First, the company’s funding source is a key restriction, and some might argue that the problem’s size lies beyond a one-on-one funding strategy. Even with the significant outreach and exposure that the project has, it will probably never make the “big dent” that other, “scalable” interventions could have, like those relying on poor consumers actually paying for a lighting product.

Second, while the ball has an astonishing play-to-light ratio, lighting a whole village (or, even a bunch of households) would require a group of children playing for an extended amount of time, and regularly swapping balls once they’re sufficiently charged. As that is not a very likely scenario (on a daily basis), it is another limiting factor.

Third, and related to that, is the question of whether the funds are most efficiently applied to solve the problem at hand – lacking access to lighting – by the current product. It may actually be a quite expensive intervention as compared to other programmes giving a better “bang for the buck.” Especially with NGOs competing for donor money, that becomes an issue, and the “fancy” SOCCKET might crowd out quieter, less appealing, but more impactful interventions (like, deworming medicine or rehydration kits).

Fourth, the project plays on the hero theme of development: Ivy League students invent a smart product “for” (and partly with) the poor, funded by donations from rich consumers, while the poor remain in the role of the thankful receiver. The “grant ethic” in the developing world of being entitled to “free stuff” has done lots of damage – why should a household pay for a solar lantern, when the one next door had receive a SOCCKET for free? This could make the life for market-based approaches more difficult.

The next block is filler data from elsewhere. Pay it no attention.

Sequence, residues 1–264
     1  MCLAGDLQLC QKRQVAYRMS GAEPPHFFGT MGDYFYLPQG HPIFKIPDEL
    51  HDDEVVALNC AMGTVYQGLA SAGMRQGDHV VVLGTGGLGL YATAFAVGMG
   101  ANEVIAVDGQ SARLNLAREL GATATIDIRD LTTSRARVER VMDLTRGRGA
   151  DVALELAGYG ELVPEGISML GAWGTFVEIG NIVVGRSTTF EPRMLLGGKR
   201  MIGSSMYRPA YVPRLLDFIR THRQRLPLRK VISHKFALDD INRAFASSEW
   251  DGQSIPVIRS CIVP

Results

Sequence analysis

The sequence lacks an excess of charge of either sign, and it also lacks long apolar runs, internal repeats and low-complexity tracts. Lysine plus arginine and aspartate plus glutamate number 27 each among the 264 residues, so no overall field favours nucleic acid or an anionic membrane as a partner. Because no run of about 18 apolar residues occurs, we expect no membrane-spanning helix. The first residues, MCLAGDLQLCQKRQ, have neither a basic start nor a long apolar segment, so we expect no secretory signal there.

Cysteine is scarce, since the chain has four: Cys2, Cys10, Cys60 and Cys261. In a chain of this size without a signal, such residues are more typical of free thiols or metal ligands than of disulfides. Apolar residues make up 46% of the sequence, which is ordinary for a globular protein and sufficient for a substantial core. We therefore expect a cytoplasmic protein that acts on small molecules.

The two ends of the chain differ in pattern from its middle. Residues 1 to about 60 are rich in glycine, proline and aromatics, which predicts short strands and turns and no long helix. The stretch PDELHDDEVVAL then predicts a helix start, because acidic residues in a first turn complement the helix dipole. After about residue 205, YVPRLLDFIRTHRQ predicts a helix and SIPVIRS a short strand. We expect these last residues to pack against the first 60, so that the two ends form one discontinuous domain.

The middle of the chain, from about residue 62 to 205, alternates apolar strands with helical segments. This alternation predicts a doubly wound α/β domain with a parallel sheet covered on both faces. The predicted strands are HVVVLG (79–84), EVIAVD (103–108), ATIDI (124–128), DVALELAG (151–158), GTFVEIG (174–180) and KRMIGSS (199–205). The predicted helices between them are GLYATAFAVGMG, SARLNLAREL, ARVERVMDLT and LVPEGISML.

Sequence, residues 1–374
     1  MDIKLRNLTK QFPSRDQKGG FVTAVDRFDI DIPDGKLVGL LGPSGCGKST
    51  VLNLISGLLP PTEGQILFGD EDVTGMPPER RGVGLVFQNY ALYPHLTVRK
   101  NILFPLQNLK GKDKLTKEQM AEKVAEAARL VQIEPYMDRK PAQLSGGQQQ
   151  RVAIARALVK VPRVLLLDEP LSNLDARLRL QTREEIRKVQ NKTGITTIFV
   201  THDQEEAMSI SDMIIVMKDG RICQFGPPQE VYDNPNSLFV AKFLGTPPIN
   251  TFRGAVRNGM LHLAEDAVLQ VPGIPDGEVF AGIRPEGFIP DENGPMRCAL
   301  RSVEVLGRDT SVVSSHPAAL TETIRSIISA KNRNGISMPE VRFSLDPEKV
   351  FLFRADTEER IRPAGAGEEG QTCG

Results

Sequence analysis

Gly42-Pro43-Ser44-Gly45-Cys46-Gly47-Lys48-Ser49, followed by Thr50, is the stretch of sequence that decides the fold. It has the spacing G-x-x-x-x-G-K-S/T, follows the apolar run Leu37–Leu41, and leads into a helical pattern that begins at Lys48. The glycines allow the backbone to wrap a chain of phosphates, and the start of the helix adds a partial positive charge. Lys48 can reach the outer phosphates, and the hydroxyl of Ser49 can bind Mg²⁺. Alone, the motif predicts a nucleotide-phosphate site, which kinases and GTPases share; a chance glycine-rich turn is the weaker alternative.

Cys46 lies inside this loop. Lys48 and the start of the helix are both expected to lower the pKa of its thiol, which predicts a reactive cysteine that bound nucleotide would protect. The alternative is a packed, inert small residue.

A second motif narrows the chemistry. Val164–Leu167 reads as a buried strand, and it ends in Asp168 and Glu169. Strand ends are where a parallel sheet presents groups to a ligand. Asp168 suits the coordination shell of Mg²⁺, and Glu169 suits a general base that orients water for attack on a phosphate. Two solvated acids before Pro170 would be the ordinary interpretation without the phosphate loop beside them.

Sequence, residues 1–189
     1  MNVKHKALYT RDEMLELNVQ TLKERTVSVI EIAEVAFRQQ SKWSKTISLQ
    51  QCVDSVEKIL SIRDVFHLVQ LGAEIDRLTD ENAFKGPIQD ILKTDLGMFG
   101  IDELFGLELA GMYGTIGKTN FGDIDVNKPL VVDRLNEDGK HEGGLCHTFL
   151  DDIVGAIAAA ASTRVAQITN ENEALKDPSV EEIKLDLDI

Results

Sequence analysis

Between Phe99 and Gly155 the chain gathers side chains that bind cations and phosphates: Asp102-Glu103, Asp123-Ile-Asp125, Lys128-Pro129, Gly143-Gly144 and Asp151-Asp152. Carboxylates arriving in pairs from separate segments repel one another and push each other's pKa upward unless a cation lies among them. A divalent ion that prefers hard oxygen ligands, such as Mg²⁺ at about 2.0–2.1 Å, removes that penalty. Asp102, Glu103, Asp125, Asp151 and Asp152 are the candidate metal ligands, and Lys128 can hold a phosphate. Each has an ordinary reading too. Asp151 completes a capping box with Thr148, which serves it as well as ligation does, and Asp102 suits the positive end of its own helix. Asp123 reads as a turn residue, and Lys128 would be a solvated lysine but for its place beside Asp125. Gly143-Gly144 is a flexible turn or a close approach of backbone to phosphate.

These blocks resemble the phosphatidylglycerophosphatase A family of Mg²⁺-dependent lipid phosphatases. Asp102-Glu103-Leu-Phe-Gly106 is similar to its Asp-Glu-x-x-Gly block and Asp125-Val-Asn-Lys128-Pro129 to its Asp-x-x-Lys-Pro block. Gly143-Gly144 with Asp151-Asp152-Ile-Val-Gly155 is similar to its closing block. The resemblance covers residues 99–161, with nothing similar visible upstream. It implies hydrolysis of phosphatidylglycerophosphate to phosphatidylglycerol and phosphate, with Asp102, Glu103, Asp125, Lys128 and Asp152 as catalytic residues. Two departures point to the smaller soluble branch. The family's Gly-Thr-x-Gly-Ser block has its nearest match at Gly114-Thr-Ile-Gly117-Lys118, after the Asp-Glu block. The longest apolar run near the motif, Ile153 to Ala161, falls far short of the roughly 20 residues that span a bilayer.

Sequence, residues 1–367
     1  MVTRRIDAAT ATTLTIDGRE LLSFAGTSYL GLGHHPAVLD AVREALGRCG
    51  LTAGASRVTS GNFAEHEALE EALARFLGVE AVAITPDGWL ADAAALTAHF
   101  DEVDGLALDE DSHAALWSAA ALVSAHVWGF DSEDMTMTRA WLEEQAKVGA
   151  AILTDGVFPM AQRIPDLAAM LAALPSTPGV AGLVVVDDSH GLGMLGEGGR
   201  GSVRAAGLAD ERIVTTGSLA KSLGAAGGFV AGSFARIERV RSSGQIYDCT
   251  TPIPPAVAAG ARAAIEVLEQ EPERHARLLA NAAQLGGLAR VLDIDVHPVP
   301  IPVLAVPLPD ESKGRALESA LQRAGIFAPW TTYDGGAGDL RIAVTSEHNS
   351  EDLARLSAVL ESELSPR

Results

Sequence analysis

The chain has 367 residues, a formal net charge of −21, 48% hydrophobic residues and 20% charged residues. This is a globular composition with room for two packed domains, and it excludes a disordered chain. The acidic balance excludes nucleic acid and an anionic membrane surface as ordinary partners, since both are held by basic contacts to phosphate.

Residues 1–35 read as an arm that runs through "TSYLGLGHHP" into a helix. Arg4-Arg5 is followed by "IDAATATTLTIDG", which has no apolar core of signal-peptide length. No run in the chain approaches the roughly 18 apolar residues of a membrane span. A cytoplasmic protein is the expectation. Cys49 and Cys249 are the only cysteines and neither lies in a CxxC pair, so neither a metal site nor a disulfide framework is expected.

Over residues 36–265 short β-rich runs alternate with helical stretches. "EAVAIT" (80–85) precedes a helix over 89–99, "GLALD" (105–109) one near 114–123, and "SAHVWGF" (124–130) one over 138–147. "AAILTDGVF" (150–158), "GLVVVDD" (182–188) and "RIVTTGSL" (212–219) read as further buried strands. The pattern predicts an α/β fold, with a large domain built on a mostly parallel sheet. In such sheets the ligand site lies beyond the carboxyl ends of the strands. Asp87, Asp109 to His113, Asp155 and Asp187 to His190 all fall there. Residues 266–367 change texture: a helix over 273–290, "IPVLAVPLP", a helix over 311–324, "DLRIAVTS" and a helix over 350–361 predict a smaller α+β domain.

Fifth, there is more to “access to energy” than just lighting. While the SOCCKET may fulfil “small” energy needs, the really life-changing – cooking water, productive uses in agriculture like pumping water or processing produce, transportation – are out of reach for the SOCCKET . While a solution does not need to address all challenges out there, other energy solutions like solar home systems might be more “scalable.”

Last, a practical problem could be the waste – what happens when the ball is damaged or defective? Will it be properly deposed – not like a soccer ball that will rot away on its own, but like a potentially hazardous piece of e-waste?

And the bottom line?

The team says, they are working on more “FUNctional” products that hopefully address some of the criticism above. Also, some of the problems might be addressed by working with solid local partners that community the products benefits and limits, and avoid fostering a grant mentality through it.

Admittedly – the idea is cool and fun. Plus, the team has set an amazing example what is possible by thinking creatively and bold, and moving fast. Overall, the story is thus definitely an eye-opener – as well as a good starting point for discussing development projects, and how to get out the most impact from them. Let’s get the discussion started!

Energy, Technology
product design, renewable energy